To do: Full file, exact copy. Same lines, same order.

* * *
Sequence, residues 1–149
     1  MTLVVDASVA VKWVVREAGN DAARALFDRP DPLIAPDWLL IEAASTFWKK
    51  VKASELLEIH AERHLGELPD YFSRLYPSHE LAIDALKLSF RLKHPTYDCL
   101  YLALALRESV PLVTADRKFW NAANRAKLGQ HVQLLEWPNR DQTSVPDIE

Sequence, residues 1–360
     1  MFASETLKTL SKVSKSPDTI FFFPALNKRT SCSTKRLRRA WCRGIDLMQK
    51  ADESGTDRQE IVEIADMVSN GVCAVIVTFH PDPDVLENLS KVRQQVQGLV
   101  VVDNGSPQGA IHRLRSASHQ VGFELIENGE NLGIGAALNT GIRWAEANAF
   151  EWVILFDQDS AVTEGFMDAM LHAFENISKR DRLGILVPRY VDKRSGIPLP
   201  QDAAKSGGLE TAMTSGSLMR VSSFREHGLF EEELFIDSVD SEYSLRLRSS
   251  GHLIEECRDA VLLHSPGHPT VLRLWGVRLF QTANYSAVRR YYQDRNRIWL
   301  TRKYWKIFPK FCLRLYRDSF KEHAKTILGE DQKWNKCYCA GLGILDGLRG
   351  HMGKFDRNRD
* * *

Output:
Sequence, residues 1–149
     1  MTLVVDASVA VKWVVREAGN DAARALFDRP DPLIAPDWLL IEAASTFWKK
    51  VKASELLEIH AERHLGELPD YFSRLYPSHE LAIDALKLSF RLKHPTYDCL
   101  YLALALRESV PLVTADRKFW NAANRAKLGQ HVQLLEWPNR DQTSVPDIE

Sequence, residues 1–360
     1  MFASETLKTL SKVSKSPDTI FFFPALNKRT SCSTKRLRRA WCRGIDLMQK
    51  ADESGTDRQE IVEIADMVSN GVCAVIVTFH PDPDVLENLS KVRQQVQGLV
   101  VVDNGSPQGA IHRLRSASHQ VGFELIENGE NLGIGAALNT GIRWAEANAF
   151  EWVILFDQDS AVTEGFMDAM LHAFENISKR DRLGILVPRY VDKRSGIPLP
   201  QDAAKSGGLE TAMTSGSLMR VSSFREHGLF EEELFIDSVD SEYSLRLRSS
   251  GHLIEECRDA VLLHSPGHPT VLRLWGVRLF QTANYSAVRR YYQDRNRIWL
   301  TRKYWKIFPK FCLRLYRDSF KEHAKTILGE DQKWNKCYCA GLGILDGLRG
   351  HMGKFDRNRD